Empire's Passing Review | Fanboys Anonymous

Empire's Passing Review

Posted by Anonymous Sunday, November 10, 2013
Empires Passing Contains Graphic Sexual ContentEmpire's Passing opens pretty quickly. In fact, you might say it opens with a bang—the destruction of Earth, to be exact. Of all the human planets in the future, the one that you and I are familiar with is the one that ends in a fiery blaze at the hands of a so-called goddess, the deity of a religion followed by many citizens of the Goth Planet Nations, an alliance of three nonhuman populations.

The goddess psychically inserts splinters of herself into her subordinates to control them. She uses this control to gain access to even more populations she can control, all simply for the purpose of feeding on them—especially the human race, as she finds them the most savory. Is she really a goddess? She certainly has wild powers.

In this future, Earth was part of an empire, which draws interesting parallels to the Roman Empire. Duke Michael, a human of the late emperor's direct bloodline, doesn't take kindly to tens of billions of us human folk being massacred. The ensuing battle to own and nibble upon our people won't be as quick as the goddess would like, but the cards are still stacked against us.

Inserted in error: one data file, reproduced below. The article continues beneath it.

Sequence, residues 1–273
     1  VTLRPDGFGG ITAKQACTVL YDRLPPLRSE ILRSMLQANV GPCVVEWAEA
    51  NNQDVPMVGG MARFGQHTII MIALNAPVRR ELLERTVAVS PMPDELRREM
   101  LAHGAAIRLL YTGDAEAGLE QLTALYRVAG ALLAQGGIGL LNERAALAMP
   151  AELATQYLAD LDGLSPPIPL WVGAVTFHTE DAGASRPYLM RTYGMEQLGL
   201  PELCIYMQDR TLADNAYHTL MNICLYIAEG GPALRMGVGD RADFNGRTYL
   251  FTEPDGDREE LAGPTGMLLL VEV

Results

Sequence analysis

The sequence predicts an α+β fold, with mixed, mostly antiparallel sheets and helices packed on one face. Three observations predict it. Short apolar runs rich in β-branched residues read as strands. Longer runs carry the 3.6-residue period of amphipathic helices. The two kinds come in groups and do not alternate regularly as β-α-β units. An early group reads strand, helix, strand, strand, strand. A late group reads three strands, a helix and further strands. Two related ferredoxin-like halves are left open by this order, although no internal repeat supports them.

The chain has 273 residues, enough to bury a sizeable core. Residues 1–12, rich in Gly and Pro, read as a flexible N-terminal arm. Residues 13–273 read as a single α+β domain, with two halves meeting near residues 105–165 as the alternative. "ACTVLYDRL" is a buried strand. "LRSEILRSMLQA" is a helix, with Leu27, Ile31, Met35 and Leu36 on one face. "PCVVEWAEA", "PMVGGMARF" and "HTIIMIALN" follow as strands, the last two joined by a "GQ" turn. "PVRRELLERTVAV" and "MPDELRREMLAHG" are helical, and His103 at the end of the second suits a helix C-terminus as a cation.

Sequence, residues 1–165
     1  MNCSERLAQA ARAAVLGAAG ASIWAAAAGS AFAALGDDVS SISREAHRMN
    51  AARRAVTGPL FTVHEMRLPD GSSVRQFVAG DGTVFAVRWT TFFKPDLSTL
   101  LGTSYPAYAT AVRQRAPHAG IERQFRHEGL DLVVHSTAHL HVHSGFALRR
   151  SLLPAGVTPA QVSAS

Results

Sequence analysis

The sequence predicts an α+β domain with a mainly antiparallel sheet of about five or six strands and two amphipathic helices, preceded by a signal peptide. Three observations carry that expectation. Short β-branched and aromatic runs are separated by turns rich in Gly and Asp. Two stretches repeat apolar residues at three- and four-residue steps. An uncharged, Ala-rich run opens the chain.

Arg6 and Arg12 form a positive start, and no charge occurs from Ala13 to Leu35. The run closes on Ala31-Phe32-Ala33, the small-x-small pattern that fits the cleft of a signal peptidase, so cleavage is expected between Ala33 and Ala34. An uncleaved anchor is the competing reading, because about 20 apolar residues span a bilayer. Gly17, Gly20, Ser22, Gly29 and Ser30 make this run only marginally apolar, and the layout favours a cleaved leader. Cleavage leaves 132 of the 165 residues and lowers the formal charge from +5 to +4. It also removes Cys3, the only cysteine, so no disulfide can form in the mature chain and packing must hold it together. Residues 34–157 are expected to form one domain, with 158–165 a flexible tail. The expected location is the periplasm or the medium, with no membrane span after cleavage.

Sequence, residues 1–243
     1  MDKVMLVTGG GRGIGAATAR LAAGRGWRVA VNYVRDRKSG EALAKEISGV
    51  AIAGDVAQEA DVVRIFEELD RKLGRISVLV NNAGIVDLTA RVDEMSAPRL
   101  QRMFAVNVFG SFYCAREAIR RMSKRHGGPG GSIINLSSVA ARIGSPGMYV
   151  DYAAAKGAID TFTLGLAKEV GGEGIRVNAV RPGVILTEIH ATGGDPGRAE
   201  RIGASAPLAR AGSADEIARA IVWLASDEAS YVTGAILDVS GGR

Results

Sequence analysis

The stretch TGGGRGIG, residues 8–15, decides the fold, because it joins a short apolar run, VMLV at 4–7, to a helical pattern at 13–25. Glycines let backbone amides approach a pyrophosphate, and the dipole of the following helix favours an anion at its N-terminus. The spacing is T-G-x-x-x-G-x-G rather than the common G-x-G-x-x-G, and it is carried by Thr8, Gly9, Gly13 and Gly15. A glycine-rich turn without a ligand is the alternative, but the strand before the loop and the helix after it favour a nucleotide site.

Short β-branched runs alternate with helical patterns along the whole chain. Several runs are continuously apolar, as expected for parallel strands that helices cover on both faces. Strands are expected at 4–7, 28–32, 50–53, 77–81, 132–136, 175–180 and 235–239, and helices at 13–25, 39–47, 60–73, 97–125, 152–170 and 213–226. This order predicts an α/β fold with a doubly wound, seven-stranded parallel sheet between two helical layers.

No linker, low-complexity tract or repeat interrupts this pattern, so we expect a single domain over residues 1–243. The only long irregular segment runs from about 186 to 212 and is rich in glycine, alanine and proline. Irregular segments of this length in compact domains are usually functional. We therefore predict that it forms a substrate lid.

Science Fiction Author of Empire's PassingMy favorite part of this book is the constant mention of real historical Earth military events and the similarity they show with the story's events. For the space travelers of Empire's Passing, planets are like the continents of the old Earth. Communication is difficult for them, just as it was for Columbus and Magellan. Or is it? That's a question Michael finds himself asking quite often, especially because the enemy always seems to be ahead of his plans somehow. The humans aren't entirely without secret weapons, but that's something you'll have to read on your own. Obviously, I can't divulge it all.

Moving on, I don't see any need to tiptoe around saying I loved this book. I don't personally like future-based sci-fi military stories, but I found it difficult to put this one down. Empire's Passing deals in politics, war, technology, and even a bit of species-ism and relates them to the parallel "past times"—I think we know what "times" they mean—that these issues mirror. I thought the story was great, I thought the characters were unique, and I was angry that I don't quite get to read on yet. On the downside, it does contain about five pages of graphic sexual encounters. That's only a small percentage of the actual reading material in the book. Generally when I read, I like to stay away from sexual description, because while I might not personally believe God is watching, during the occasional erotic reading it sure felt like my mom was. On the upside, these few pages could never detract from this amazing story. Buy it!

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